There’s no question that the first full week of June yielded a bumper crop of alternative facts out of the Trump administration, from protesting the Philadelphia Eagles for disrespecting the military, which they absolutely did not do (not pre-game, not in the locker room, nada), to President Donald Trump’s congratulatory visit to FEMA telling them he was “very proud” of their work during the hurricane season while failing to mention the death toll in Puerto Rico is now estimated at north of 4,600. There was even more presidential tweeting about a certain “political witch hunt” (an oldie but a goodie) being the biggest ever, which continues to be an odd way of describing the work of special counsel Robert S. Mueller III who has already brought charges against 19, secured plea agreements from three, gotten a guilty plea and put one person in jail. And that’s not even counting Paul Manafort, the former Trump campaign manager, who may soon be headed to trial.
But this week’s winner is frankly bizarre. On Wednesday, it was reported that during a May 25 call with Canadian Prime Minister Justin Trudeau to discuss trade tariffs, President Trump remarked, “Didn’t you guys burn down the White House?” It was likely meant as a joke, of course, but if so, he should have told it to Prime Minister Theresa May because it was the British who famously torched the White House in the War of 1812, not the Canadians. Canada was that place the Americans attempted to invade (for the second time, by the way, as our troops made a little excursion there during the Revolutionary War, too).
There are any number of things to unpack here, and the first is, let’s not rewrite this episode of history because Baltimore is way too invested in the War of 1812 to jeopardize the tourist trade. Fort McHenry. Francis Scott Key. “The Star-Spangled Banner?” Remember? Heck, if President Trump is going to suggest taking a knee while the anthem is played before a football game is disrespectful, isn’t it worse to misrepresent the events that gave us that particular song? Once again, the War of 1812 remains the Rodney Dangerfield of U.S. wars: “James Madison’s War” gets no respect.
Second, there are so many better things to mock Mr. Trudeau about than his country not burning the White House. How about for dressing like a Bollywood extra on a recent visit to India? Or for once telling a woman to use the term, “peoplekind” instead of mankind (not long after his country’s national anthem was gender neutralized)? Or how about just for representing a country where milk is sold in bags instead of cartons or jugs? Now, that’s some good-natured ribbing, eh?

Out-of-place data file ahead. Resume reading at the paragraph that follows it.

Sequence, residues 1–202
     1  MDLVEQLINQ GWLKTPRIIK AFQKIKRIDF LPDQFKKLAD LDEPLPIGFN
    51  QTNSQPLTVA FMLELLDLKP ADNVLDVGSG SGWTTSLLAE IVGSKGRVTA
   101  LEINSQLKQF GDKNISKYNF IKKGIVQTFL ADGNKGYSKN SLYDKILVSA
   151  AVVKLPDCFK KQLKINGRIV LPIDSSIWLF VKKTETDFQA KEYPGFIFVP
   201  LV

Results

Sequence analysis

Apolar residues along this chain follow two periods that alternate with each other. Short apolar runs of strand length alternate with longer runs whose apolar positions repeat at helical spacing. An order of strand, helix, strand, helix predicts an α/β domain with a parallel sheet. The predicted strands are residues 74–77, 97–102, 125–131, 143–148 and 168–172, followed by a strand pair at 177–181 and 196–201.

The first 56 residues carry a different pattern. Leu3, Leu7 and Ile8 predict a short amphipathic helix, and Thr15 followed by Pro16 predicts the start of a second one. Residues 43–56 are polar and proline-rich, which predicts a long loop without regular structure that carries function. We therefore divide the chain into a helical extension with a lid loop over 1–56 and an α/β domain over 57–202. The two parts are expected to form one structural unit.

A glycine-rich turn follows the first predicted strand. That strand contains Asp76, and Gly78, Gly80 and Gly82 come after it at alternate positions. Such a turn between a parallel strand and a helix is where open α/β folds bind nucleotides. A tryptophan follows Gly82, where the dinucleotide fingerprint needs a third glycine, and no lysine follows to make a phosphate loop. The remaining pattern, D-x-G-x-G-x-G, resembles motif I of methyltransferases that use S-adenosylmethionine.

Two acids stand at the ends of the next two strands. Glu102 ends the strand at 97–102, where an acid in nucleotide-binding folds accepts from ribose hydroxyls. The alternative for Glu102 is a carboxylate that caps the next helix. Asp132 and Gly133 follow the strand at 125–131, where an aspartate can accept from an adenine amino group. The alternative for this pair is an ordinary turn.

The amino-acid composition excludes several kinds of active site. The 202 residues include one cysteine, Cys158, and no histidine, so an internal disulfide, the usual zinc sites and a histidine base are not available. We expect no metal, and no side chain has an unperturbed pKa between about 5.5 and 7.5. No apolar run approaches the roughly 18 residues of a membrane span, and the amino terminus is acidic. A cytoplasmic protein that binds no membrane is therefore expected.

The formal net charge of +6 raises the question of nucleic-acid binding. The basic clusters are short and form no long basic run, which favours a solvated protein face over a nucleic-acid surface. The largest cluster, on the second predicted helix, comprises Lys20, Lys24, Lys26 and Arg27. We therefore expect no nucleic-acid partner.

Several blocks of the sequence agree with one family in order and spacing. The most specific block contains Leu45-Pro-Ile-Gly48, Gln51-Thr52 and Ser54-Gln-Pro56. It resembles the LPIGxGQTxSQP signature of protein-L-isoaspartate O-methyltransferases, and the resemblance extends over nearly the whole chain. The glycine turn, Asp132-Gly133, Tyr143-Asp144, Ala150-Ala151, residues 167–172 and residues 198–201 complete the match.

No, what really makes the whole thing rise to the cream of the alternative fact crop is that the attempted zinger was made in context of what may be the dumbest excuse for a trade war in recent memory. The Trump administration has imposed tariffs on Canadian steel and aluminum (along with that from Mexico and Europe) on the grounds of national security. The claim is not simply that U.S. production has been diminished by foreign competition (which is true) or that the economy has been dangerously weakened (quite a leap), but that Canada is so unreliable an ally that Canadian steel or aluminum might not be made available to U.S. defense contractors in a time of emergency. (Well, that’s just silly). The Canadians have been a pretty darn reliable ally these last 205 years or so since the Treaty of Ghent.
Small wonder Mr. Trudeau has taken umbrage at his country being classified as some kind of national security threat. He knows it’s not. President Trump knows it’s not. It’s just an excuse to impose tariffs under executive authority that doesn’t require going through Congress or running afoul of World Trade Organization rules. The president is boosting the steel industry in the same way he’s been boosting coal — because it’s important to his political base, especially in some swing states. National security has nothing to do with it. But when the stated explanation diverges this far from reality, it’s also an alternative fact. Nothing personal, Canada. It’s just how your southern neighbor rolls in the Trump era.
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